In any project they undertake, they bring a respect for the architecture, history, and spirit of a space. “It’s sort of a puzzle,” says Badesco, “where every piece has a special meaning and represents a part of our lives.”

Blue and Brown and Wood Bedroom

photography by STEPHEN KENT JOHNSON


[In this image: To loosen up the grid of a gallery wall—displaying just the frames, for added impact—Badesco and Affuso hung a single painting and casually propped an empty frame on the floor. N.203 Lamp by Lampe Gras, Made in Design, $320; Bedding, Orizzonti Italia; Pillows, Merci.]

White Bathroom

photography by STEPHEN KENT JOHNSON


[In this image: In the bathroom, Affuso and Badesco covered the walls and floor with modern geometric tile, which contrasts with the antique shower doors and sink. Tiles, Kalos.]

Gray and Yellow Living room

photography by STEPHEN KENT JOHNSON


“We try to interpret the intrinsic features of a place.”

White Graphic

photography by DOMINO


Shop the look:

Princeton Long Sconce, Schoolhouse Electric, from $209
18th C. Antique Map of France, Chairish, $195 
Diamond Twist Cement Tile, Cle Tile 
Sobre Bowl by Astier de Villatte, ABC Home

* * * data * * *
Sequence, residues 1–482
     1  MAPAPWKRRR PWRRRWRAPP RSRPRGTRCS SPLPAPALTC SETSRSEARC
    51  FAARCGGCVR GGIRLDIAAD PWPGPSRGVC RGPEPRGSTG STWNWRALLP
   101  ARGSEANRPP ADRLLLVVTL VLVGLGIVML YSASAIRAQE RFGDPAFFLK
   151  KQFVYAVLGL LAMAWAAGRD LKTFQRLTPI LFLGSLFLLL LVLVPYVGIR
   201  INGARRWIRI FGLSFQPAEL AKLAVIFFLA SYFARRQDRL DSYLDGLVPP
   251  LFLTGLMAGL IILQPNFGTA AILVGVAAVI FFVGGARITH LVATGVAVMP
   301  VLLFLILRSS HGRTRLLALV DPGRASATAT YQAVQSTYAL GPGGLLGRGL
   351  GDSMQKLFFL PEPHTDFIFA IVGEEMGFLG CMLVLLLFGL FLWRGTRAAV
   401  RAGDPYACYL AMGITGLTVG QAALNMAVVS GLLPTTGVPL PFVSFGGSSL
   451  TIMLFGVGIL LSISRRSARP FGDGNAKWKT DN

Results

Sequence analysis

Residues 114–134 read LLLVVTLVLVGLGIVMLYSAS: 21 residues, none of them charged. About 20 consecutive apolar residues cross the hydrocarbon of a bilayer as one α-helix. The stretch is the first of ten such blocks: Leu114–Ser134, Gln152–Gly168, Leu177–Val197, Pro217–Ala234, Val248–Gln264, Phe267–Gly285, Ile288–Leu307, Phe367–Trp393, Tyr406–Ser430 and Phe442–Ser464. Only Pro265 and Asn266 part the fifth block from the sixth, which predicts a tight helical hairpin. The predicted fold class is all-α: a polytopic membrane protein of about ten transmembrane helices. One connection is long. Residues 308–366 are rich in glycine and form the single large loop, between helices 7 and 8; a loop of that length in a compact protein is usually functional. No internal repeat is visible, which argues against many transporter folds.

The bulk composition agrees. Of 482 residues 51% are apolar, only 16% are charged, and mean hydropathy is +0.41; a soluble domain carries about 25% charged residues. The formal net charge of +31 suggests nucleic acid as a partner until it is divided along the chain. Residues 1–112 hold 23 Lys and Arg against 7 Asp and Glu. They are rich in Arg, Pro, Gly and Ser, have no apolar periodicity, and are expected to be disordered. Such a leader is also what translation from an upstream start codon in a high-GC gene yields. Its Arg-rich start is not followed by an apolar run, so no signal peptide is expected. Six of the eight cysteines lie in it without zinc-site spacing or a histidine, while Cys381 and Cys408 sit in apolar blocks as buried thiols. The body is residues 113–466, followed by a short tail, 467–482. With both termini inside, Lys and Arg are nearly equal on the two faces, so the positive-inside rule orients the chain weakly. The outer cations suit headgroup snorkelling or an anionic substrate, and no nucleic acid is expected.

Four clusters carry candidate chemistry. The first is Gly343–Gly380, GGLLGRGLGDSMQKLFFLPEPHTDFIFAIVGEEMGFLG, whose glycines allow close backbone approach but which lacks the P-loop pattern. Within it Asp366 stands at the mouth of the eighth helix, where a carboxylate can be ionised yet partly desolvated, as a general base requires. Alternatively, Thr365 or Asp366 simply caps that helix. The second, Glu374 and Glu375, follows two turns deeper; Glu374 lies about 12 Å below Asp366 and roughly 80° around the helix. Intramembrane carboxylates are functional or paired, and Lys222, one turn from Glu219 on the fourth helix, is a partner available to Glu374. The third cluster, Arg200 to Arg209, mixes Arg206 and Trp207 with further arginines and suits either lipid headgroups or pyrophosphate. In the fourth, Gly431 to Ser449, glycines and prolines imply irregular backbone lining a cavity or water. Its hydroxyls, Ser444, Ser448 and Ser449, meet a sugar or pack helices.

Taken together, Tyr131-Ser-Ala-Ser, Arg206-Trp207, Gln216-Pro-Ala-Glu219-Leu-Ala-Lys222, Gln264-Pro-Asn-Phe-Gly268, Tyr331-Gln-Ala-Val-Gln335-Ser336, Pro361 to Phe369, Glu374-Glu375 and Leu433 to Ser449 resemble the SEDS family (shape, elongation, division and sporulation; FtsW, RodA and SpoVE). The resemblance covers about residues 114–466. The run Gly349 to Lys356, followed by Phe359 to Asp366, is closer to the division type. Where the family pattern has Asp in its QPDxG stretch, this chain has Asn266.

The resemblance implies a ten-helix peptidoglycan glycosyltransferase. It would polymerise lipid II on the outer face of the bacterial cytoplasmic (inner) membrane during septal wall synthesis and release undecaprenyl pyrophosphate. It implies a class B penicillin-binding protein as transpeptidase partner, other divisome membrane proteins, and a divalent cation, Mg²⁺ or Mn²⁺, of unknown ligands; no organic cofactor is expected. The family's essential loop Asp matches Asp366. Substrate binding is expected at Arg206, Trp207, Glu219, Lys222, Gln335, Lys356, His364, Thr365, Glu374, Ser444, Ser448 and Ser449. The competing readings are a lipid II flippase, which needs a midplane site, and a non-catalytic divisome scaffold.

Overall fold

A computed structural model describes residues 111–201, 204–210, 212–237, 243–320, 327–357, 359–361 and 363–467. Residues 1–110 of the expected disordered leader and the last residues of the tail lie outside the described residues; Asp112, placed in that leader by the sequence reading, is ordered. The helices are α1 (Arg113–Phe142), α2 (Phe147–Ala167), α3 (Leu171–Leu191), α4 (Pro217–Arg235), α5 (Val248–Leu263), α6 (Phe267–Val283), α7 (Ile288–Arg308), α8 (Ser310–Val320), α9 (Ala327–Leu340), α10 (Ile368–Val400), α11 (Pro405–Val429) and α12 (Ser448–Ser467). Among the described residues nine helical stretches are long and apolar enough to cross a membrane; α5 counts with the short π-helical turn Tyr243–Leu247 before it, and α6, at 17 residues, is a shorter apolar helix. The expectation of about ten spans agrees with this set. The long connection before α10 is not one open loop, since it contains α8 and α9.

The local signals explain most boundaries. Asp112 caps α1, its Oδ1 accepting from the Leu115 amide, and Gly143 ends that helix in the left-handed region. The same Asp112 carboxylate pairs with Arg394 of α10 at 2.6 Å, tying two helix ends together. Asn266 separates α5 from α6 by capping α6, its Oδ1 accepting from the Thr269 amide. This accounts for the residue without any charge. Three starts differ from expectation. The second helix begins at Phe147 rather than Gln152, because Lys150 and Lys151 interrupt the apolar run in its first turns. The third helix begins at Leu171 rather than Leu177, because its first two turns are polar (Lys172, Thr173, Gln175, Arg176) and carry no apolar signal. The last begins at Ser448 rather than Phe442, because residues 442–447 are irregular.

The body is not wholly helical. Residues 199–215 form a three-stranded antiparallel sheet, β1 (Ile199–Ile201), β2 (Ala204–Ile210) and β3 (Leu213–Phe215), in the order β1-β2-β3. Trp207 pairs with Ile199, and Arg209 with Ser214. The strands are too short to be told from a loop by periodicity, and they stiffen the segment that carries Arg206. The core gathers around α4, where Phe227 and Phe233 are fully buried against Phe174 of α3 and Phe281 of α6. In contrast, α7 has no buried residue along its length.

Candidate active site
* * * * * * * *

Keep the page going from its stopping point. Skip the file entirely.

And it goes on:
Seventy-Seven Drawer Filing Cabinet, Rejuvenation, $4,250 
Toio Titanium Modern Floor Lamp, Flos, $1,395 
Simple Linen Bedding, Hawkins New York, from $248
Rustic Trunk with Painted Tin Paneling, Rejuvenation, $685 
Plume Chair, John Derian, $2,115
Paint: Cook’s Blue, Lulworth Blue, Parma Gray, all Farrow & Ball
Cloche, Crate & Barrel $129
Frames, Restoration Hardware, from $69

Black and Taupe Bedroom

photography by STEPHEN KENT JOHNSON


This story originally appeared in the Winter 2017 issue with the headline Rhapsody in Blue.

See more inspiring spaces from the issue:
A Minimalist Los Angeles Home Where Quiet Is Key
A Renovated Farmhouse, Draped in Cozy, Colorful Textiles
An Eclectic London Townhouse, Filled With Storied Souvenirs

Published on January 06, 2018 - 5:15am EST